“I was merely fulfilling your wish. You said you wanted to be near humans and that it was difficult to do so as a dragon.”

“But that’s no reason to use the grail! It should have never been used at all!”

“But as long as it exists you would be forced to stay here. Now that it is used, you can go anywhere. Was that not your wish?”

That shut the boy up, causing him to look at the floor in shame. He struggled for moment with his feelings only to realize he was relieved he would not have to guard the grail anymore. He was still a bit angry that Siegfried had just used it but there was little he could do about that anymore.

Watching him struggle, the knight pulled out a cloak he had with him for the journey and wrapped the boy up to shield his naked body from the cold. “If you would like, I could take you with me and show you the cities of humanity. You would not have to be alone and decide for yourself where you want to go from there.”

The boy considered it, thinking about all the grand cities and festivities he had seen back in his homeland. The thought of watching them up close, to be among the crowds, to live with them…

He looked at the grail again, the orb having darkened as it had lost its magic and now resembling a big rock instead of the magical construct it actually was. “...We will have to destroy the vessel. Someone might be able to figure out how to fill it with mana again if we just leave it.”

Siegfried nodded. “Would you like to wait here?” The boy fidgeted for a moment, considering it.

“If it would be alright, I want to go ahead. I haven’t been outside in a while and I want to get used to it first.”

“Understood. The way out is a straight tunnel but please be careful.”

The boy nodded and started walking, already feeling his body aching from the movement. He had not noticed immediately but this body felt a lot more fragile than his old one, like a single blow could knock him over. His feet hurt, he felt the cold seeping into him even with the cloak wrapped around him and walking on two feet instead of four felt foreign while feeling natural at the same time.

Still, in a strange way he reveled in all the new sensations, imagining that this is what humans must feel like all the time. They were fragile and weak but they still managed to live and create amazing things that he could never hope to do. And now he was one of them.

He reached the cave entrance and the sun blinded him, forcing him to close his eyes. When they finally got used to the light, he took a look around, at the trees, at the sky, at the small animals flitting around. He had seen it all before when he had arrived but for some reason the world seemed to be so different now that he was not a dragon anymore.

He was not sure how long he had been standing there but it was long enough for Siegfried to have finished, coming up to join him. They stood in silence for a few moments before the boy spoke again.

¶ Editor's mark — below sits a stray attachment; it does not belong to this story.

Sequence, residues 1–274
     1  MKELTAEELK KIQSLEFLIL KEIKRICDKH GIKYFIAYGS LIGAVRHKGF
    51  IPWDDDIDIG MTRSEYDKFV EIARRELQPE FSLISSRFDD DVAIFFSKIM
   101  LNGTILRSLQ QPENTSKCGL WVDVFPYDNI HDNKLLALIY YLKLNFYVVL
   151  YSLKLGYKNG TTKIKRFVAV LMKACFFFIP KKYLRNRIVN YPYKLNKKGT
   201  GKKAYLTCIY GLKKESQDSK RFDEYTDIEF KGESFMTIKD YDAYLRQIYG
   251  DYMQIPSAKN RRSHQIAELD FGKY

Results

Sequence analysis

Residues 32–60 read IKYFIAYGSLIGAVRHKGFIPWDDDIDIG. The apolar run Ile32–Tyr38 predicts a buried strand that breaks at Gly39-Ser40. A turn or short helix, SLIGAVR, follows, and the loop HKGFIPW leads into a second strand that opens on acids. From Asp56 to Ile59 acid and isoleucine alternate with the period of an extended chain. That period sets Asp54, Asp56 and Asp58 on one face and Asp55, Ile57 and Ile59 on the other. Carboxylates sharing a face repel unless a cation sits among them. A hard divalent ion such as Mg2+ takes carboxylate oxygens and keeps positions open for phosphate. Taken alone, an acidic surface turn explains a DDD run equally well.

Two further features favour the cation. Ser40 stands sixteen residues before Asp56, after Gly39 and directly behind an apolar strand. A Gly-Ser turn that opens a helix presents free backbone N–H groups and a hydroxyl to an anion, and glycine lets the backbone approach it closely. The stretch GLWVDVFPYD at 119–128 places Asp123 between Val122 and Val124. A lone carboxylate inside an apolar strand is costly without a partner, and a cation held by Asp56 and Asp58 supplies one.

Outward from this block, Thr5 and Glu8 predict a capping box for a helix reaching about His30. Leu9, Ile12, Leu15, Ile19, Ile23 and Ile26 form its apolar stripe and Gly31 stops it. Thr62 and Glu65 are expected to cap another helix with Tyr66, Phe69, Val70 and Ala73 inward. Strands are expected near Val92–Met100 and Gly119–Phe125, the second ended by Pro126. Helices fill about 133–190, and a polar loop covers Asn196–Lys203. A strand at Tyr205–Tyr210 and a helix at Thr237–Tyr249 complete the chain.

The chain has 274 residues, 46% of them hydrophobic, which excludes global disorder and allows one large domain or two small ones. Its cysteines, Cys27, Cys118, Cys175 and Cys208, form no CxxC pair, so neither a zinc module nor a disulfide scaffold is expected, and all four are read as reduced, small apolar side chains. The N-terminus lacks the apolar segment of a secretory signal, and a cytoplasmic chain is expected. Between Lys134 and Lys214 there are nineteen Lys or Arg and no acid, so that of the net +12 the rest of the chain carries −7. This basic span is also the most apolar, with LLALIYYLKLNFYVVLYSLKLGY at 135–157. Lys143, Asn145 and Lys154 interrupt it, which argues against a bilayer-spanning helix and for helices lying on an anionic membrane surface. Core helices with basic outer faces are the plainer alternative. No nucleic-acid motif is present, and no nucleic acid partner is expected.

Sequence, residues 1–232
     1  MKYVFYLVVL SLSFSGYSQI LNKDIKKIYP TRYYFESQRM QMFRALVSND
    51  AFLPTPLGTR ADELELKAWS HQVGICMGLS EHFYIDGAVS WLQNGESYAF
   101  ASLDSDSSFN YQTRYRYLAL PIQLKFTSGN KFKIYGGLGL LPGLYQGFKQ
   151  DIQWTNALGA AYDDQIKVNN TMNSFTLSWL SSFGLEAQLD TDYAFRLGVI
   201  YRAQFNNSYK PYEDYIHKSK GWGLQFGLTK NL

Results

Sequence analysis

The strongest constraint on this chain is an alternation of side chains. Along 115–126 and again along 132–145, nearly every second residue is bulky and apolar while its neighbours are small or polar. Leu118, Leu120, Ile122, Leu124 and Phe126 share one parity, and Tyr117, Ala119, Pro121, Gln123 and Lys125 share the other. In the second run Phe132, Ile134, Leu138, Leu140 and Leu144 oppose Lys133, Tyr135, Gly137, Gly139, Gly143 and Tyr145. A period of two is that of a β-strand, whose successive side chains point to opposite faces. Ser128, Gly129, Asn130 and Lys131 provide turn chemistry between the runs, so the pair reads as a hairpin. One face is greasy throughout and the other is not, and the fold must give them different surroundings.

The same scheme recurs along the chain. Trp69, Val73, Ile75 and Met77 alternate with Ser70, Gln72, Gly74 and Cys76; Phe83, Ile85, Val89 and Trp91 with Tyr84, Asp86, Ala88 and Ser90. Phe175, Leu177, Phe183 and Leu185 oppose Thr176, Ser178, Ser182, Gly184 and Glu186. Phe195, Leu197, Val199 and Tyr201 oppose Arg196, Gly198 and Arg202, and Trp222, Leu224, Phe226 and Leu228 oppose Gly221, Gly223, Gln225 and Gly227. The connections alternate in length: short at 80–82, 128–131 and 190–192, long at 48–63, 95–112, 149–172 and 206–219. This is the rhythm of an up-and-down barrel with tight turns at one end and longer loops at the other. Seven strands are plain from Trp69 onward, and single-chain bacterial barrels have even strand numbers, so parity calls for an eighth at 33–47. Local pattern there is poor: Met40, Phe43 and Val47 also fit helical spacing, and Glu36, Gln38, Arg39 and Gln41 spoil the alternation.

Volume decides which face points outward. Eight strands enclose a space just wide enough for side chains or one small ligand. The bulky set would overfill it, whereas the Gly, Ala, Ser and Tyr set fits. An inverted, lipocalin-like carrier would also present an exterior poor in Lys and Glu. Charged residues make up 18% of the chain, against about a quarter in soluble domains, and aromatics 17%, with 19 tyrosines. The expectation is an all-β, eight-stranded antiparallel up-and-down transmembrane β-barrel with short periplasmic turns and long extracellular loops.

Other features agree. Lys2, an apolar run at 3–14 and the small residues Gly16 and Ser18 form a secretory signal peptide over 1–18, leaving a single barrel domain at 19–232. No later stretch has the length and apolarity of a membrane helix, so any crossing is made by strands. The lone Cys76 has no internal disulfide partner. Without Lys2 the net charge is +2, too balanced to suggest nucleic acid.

“Do you really think it’s alright? Me leaving, I mean.”

A few moments of silence passed before the knight finally replied, “...I do believe it is good to wish for your own sake, yes.”

The boy nodded, humming in thought. After a moment his head snapped up, looking at him in shock. “Wait, if I’m going to be a human, I need a name, right?”

Siegfried was a bit confused at the change of topic but replied anyway. “I suppose you do. Do you not have a name already?” The boy shook his head.

“I never needed one before. Most beasts don’t choose names for themselves, they are given them by humans.” He was lost in thought for a while before his cheeks reddened a little and he looked up at the knight again. “Um, you said your name was Siegfried, right? Would it be alright if I called myself Sieg?”

He was once again baffled at the boy’s words. “I do not mind but surely there must be other names you like. Do you not want to reconsider?”

Thin fingers gripped the cloak tighter as the boy shyly looked at the floor. “I just thought because I owe this chance to you, it only feels right to make my name a tribute.”

What a strange way to think. The boy did not owe Siegfried anything but if it was that important to him… “Very well. If you want then your name can be Sieg from now on.”

Sieg looked up again and positively beamed at him, his entire face lighting up with happiness. They soon started their journey to a nearby village only for Sieg to become tired due to never having walked in that body before. In the end Siegfried had to carry him in his arms as the boy slowly let his head fall on his shoulder in exhaustion.

As he watched him fall asleep, Siegfried considered what he had done. He had defied the wish of his lord but in a way he had not. There may have been a miracle but there was not anymore so there was nothing to bring home. There may have been a dragon but there was not anymore, only a boy in his arms. He had not neglected his orders, he had also merely fulfilled the boy’s wishes before he did his lord’s.

Looking at the sun setting on the horizon, he thought about how it was the first time he had realized his own wish – to save the dragon from his fate of staying in the cave and battling whoever managed to reach it. He looked down at the boy again who was now softly snoring and smiled.

It was good to wish for your own sake, indeed.